Toxicological aspects of flavonoid interaction with biomacromolecules.

OBJECTIVES: Flavonoids are widely accepted as health promoting phytochemicals, however, some flavonoids show ability of direct interaction with DNA and/or enhance carcinogen activation into DNA modifying agents. Thus, their potential harmful effect on the human body should be examined in detail.

METHODS: Direct interaction of flavonoids (quercetin, rutin) with DNA was examined using square wave voltammetry on carbon paste electrode. Induction effect of selected flavonoids on content of cytochrome P450 1A1, carcinogens activating enzyme, in colon and liver microsomal samples of animals exposed to flavonoids was determined by Western blotting, using anti-cytochrome P450 1A1 specific antibody.

RESULTS: Of the natural flavonoids tested, induction of CYP1A1 was elicited by the typical citrus flavonoid naringenin in the colon, as well as by flavone in the liver. Moreover, synthetic beta-naphthoflavone and naturally occurring chrysin, quercetin and diosmin induced CYP1A1 in both tissues. The oxidation signals of guanine and adenine in the DNA molecule were decreased in the presence of flavonoids.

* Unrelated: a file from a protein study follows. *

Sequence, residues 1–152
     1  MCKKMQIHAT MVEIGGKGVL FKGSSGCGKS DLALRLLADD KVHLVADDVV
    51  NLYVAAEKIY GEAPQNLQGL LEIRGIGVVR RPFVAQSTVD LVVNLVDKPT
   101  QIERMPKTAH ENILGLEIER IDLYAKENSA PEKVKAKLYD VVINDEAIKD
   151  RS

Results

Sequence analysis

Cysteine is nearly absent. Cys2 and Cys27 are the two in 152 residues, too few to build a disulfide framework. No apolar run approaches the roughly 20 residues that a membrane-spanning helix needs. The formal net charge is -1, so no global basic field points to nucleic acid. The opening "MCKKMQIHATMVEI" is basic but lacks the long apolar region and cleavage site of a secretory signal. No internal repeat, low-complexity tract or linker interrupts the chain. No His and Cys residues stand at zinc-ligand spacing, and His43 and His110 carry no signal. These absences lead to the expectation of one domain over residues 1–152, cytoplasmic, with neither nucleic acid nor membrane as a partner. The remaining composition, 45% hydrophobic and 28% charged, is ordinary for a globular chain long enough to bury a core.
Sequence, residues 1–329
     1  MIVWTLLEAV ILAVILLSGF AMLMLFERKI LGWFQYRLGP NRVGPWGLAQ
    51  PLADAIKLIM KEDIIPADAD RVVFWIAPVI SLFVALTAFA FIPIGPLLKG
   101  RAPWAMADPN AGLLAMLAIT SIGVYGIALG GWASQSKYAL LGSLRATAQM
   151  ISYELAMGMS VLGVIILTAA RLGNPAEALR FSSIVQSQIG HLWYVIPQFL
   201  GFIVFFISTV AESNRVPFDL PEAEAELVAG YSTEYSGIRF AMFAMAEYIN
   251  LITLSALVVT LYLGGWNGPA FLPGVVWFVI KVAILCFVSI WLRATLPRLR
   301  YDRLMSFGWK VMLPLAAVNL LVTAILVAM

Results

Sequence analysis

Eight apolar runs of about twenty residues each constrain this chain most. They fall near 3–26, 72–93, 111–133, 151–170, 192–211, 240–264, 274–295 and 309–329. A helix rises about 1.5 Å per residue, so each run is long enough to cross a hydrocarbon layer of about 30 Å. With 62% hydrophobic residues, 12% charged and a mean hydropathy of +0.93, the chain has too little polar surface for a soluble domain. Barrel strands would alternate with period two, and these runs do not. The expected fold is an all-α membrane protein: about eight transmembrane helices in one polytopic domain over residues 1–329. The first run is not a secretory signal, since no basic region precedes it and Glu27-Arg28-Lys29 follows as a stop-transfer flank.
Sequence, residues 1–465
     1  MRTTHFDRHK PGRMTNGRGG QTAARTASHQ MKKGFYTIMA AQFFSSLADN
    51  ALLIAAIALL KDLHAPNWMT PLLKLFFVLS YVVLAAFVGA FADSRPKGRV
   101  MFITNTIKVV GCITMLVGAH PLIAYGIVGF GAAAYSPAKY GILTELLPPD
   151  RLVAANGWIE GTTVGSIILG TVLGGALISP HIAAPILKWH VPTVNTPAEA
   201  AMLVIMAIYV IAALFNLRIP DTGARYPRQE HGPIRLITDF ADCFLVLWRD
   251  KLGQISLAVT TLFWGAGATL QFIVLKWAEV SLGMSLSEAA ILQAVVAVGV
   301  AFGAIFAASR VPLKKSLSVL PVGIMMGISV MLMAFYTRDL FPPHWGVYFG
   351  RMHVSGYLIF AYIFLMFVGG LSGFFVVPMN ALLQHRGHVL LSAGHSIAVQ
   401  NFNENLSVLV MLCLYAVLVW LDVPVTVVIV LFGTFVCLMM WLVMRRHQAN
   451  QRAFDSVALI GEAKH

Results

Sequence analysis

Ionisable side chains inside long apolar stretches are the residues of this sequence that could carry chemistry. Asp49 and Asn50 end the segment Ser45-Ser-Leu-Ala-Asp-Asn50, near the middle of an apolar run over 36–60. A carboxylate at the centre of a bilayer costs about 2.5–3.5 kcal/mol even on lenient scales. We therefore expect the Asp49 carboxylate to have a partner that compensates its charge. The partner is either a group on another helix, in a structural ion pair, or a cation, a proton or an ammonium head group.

CONCLUSIONS: Although flavonoids are often considered to be safe because of their "plant origin", ingestion of flavonoids should be taken with caution. Enhanced expression of CYP1A1 in colon tissue might be responsible for increasing incidence of colorectal carcinoma in humans. Electrochemistry can be used to study the interactions of flavonoids and DNA.